Requirements for Listing Patent Information in the Orange Book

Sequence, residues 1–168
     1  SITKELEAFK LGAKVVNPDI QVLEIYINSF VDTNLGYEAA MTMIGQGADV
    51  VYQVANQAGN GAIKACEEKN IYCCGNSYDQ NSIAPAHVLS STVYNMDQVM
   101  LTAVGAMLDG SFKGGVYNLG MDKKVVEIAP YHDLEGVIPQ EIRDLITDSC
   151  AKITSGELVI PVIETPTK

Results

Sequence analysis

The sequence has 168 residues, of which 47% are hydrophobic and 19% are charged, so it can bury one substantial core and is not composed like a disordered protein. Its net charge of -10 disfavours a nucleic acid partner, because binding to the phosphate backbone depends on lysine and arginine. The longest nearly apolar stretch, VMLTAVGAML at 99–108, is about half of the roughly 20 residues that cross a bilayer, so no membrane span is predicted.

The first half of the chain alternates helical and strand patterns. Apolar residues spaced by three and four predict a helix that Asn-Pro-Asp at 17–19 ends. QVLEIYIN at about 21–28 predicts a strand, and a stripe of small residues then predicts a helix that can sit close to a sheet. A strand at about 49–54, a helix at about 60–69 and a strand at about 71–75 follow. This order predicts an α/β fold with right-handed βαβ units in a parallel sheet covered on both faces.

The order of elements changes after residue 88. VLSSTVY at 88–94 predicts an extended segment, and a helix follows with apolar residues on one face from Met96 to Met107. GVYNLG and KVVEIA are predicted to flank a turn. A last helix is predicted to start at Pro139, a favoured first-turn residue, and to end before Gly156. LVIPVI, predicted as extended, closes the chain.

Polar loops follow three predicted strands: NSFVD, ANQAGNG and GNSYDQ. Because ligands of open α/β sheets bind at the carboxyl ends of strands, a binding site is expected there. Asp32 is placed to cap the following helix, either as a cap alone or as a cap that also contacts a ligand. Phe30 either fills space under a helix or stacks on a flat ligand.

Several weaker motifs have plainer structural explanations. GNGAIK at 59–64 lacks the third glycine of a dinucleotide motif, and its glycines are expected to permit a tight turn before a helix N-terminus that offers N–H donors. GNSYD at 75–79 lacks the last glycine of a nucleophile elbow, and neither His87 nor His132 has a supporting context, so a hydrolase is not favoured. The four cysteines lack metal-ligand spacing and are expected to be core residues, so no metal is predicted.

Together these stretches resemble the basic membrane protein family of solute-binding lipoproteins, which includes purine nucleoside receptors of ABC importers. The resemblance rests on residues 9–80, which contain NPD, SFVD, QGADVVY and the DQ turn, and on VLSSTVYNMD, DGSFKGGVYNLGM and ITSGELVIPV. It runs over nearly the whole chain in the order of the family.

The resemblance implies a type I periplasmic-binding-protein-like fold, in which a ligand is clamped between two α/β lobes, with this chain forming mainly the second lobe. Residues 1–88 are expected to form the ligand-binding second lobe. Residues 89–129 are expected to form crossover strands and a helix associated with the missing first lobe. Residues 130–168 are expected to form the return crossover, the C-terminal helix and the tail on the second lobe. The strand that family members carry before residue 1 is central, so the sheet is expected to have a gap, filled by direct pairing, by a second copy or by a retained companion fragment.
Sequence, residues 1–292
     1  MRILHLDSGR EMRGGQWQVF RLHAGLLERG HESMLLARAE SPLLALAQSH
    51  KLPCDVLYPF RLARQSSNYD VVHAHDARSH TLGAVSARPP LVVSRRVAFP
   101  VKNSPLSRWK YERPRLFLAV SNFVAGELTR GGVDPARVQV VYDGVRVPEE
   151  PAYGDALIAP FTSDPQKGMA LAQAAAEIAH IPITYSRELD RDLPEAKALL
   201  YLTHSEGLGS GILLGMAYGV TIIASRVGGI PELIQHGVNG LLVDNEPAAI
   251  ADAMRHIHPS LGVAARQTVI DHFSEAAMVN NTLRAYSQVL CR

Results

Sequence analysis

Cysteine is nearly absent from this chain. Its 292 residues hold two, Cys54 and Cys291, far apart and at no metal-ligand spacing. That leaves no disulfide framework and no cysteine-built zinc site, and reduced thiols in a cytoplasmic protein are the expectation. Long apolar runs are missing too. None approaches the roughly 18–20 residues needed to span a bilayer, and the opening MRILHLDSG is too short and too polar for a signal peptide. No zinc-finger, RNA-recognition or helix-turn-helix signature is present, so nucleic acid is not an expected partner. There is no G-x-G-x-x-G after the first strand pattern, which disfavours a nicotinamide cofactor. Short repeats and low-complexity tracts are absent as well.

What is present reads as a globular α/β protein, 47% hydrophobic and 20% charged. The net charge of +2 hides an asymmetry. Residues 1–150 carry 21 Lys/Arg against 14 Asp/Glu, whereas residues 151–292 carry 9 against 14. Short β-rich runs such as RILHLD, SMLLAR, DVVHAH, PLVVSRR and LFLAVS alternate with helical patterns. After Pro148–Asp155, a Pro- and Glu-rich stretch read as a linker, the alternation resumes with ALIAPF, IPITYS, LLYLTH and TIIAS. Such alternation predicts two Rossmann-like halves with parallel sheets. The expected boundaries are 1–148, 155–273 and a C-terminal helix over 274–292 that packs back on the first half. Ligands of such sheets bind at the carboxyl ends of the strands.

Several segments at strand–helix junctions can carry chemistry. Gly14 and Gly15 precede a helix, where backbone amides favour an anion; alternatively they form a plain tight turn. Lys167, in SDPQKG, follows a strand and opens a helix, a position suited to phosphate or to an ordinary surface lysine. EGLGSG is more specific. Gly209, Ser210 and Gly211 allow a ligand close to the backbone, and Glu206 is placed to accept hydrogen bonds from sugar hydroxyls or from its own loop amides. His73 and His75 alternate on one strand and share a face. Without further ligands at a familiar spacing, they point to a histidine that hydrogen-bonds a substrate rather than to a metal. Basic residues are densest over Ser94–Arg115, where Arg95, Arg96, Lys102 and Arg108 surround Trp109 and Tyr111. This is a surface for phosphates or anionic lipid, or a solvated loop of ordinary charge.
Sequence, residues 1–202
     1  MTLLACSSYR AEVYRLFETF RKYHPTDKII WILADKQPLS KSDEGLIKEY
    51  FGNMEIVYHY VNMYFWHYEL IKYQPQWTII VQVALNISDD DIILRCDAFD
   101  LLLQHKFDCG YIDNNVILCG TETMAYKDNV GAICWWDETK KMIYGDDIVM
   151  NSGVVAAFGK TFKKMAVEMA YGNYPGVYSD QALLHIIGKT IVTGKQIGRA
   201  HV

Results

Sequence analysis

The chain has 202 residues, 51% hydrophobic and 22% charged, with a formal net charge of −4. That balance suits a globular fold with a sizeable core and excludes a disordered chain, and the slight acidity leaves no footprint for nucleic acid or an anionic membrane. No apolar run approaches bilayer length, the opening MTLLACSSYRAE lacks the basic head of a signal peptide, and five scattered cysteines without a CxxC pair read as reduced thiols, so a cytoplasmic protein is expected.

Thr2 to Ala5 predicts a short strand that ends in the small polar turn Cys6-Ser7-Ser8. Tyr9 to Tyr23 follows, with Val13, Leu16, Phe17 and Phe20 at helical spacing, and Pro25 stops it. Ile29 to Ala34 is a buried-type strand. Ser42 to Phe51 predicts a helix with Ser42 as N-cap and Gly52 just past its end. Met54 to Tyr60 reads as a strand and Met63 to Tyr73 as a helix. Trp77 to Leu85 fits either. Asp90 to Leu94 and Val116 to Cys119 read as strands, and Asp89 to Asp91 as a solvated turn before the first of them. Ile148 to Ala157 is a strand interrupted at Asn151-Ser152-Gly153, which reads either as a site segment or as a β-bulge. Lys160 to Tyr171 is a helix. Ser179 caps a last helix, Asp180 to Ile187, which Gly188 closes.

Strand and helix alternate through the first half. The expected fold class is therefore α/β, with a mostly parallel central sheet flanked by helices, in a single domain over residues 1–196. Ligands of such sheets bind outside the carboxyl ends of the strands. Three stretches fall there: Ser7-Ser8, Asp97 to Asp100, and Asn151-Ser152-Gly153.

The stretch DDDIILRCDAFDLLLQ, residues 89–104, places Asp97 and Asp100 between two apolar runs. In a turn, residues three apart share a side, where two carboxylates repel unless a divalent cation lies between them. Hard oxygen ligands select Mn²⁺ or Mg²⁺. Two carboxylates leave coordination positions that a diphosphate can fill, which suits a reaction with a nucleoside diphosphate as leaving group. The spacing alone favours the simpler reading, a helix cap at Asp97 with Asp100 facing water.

Part of the regulatory structure created by the Hatch-Waxman Act involves a process for identifying and addressing patents that arguably apply to brand and generic drug products. Generally speaking, the regulatory structure requires the holder of an NDA to submit information concerning certain patents to the FDA. FDA incorporates that information into a database called “Approved Drug Products with Therapeutic Equivalence Evaluations,” but generally referred to as the “Orange Book.” Patent information is organized in the Orange Book by being listed for one or more specific NDAs. Then, when a company seeks to file an ANDA, it must submit certain patent certifications or statements, described more fully below, to each patent that is listed in the Orange Book for the NDA that is the reference listed drug for the ANDA. Case 1:09-cv-04665-DLC Document 49-2 Filed 03/30/2010 Page 28 of 45 Depending on the kind of certification or statement the ANDA applicant files, the NDA holder may or may not be entitled to file certain causes of action and obtain certain stays postponing FDA Among other things, the Hatch-Waxman Act provides that, after an NDA is approved, the NDA holder must submit certain required information concerning “any patent which claims the drug for which the application was submitted or which claims a method of using such drug and with respect to which a claim of patent infringement could reasonably be asserted if a person not licensed by the owner engaged in the manufacture, use, or sale of the drug.” 21 U.S.C. FDA has fleshed out this statutory requirement through implementing regulations. See generally 21 C.F.R. § 314.53 (2008). The regulations in place for all relevant times state: “An applicant [who has submitted an NDA] shall submit the required information on the declaration form set forth in paragraph (c) of this section for each patent that claims the drug or a method of using the drug that is the subject of the new drug application or amendment or supplement to it and with respect to which a claim of patent infringement could reasonably be asserted if a person not licensed by the owner of the patent engaged in the manufacture, use, or sale of the drug product.” 21 C.F.R. 314.53(b) (2008); accord 21 C.F.R. 314.53(b) (1999 rev.). In addition, the regulations classify the kinds of patents that could potentially be listed in the Orange Book into three categories: “For purposes of this part, such patents consist of [i] drug substance (active ingredient) patents, [ii] drug product (formulation and composition) patents, and [iii] method-of-use patents.” 21 C.F.R. 314.53(b). FDA regulations provide specific instructions setting out the circumstances in which it is, or is not, permissible to list a patent in the Orange Book in relation to a particular NDA. With Case 1:09-cv-04665-DLC Document 49-2 Filed 03/30/2010 Page 29 of 45 respect to drug product claims, the FDA regulations provide: “For patents that claim a drug product, the [NDA] applicant shall submit information only on those patents that claim a drug product, as is defined in [§] 314.3, that is described in the pending or approved [NDA] application.” 21 C.F.R. § 314.53(b) (2008); accord 21 C.F.R. § 314.53(b) (1999 rev.). Section 314.3 defines “drug product” as “a finished dosage form, for example, tablet, capsule, or solution, that contains a drug substance, generally, but not necessarily, in association with one or more other ingredients.” 21 C.F.R. § 314.3(b). Therefore, the regulations permit an NDA holder to submit a drug product patent only if that patent claims the same finished dosage form product that is described in the NDA. Similarly, FDA reiterated in 2003 in connection with revisions to these regulations that “[t]he drug product (formulation or composition) patents submitted must claim the specific drug product described in the pending or approved NDA.” 68 Fed. Reg. 36675, 697 (June FDA adopted certain changes to the patent listing regulations in 2003. For all relevant times prior to the 2003 amendments, FDA recognized the same three categories of patents: drug substance, drug product, or method of use. Prior to 2003, FDA regulations did not require an NDA holder to specify which patent category – drug substance, drug product, method-of-use, or some combination thereof – provided a basis for listing the patent. Instead, FDA only required a declaration stating: “The undersigned declares that Patent No. ____ covers the formulation, composition, and/or method of use of (name of drug product). This product is (currently approved under section 505 of the Federal Food, Drug, and Cosmetics Act) [or] (the subject of this application for which approval is being sought):”. 21 C.F.R. § 314.53(c)(2) (1999) (italics and Case 1:09-cv-04665-DLC Document 49-2 Filed 03/30/2010 Page 30 of 45 Following the 2003 amendments, the applicable FDA regulations require an NDA holder to submit more specific information concerning the nature of the patent. For example, for a patent submitted after the NDA was approved, the regulations now require the NDA holder to specify, among other things: “Information on the drug product (composition/formulation) patent including the following: (1) Whether the patent claims the approved drug product as defined in § 314.3 ….” 21 C.F.R. § 314.53(c)(2)(ii)(O)(1). This new provision does not change the substantive rule about which patents are eligible for filing. It does, however, require the NDA holder to state explicitly whether, if a patent contains drug product claims, those claims do in fact claim the drug Starting in 2003, FDA also published forms which must be completed by an NDA holder submitting patent information for the Orange Book. See 21 C.F.R. § 314.53(c)(1) (2008) (“We will not accept the patent information unless it is complete and submitted on the appropriate forms, FDA Forms 3542 or 3542a”). The appropriate form that an NDA holder must submit to list a new patent to an NDA that has already been approved is Form FDA 3542. Under the category “Drug Product (Composition/Formulation)” in that form, the NDA holder must provide a “yes” or “no” answer to Question 3.1, which asks: “Does the patent claim the approved drug product as defined in 21 CFR 314.3?” The form then states that “FDA will not list the patent in the Orange Book as claiming the drug product if: the answer to question 3.1 is ‘No,’ ….”. There are important regulatory consequences that flow from the distinction between whether a patent is listed in the Orange Book on the basis of containing drug product claims versus If a patent is listed on the basis of a drug product claim, and the ANDA applicant wishes to market its generic product before that patent expires, the ANDA Case 1:09-cv-04665-DLC Document 49-2 Filed 03/30/2010 Page 31 of 45 applicant must file a paragraph IV certification as to that patent, certifying that the patent is invalid, unenforceable, or would not be infringed by the generic product. 21 U.S.C. § 355(j)(2)(A)(vii)(IV); 21 C.F.R. § 314.94(a)(12)(i)(A)(4). If, but only if, a generic applicant files a paragraph IV certification, the patentee and/or NDA holder has the opportunity to file a patent infringement lawsuit that would trigger a 30-month stay of FDA’s approval of the ANDA. 21 U.S.C. § 355(j)(5)(B)(ii). In addition, if the ANDA applicant submits a paragraph IV certification, but another ANDA applicant for the same product already has done so, the subsequent applicant’s ANDA cannot be approved until after the first-filer’s 180-day exclusivity period has expired. 21 U.S.C. § 355(j)(5)(B)(iv). By contrast, if a patent is listed solely on the basis of method-of-use claims, then in certain circumstances an ANDA applicant can file what is known as a “section viii statement” with respect to that patent. 21 U.S.C. § 355(j)(2)(A)(viii); 21 C.F.R. § 314.94(a)(12)(iii). In a section viii statement, the ANDA filer indicates that it is not seeking approval for the particular use covered by the method-of-use patent. When an ANDA applicant files a section viii statement, that statement does not give the NDA holder the right to file a lawsuit that would trigger a 30-month stay. Further, an ANDA that contains only a section viii statement can be approved without regard to whether any other ANDA applicant is entitled to a 180-day exclusivity period. Therefore, the distinction of whether a patent is properly listed on the basis of drug product claims or on the basis of method-of-use claims can have a significant impact on the timing of FDA Case 1:09-cv-04665-DLC Document 49-2 Filed 03/30/2010 Page 32 of 45 The ‘584 and ‘404 Patents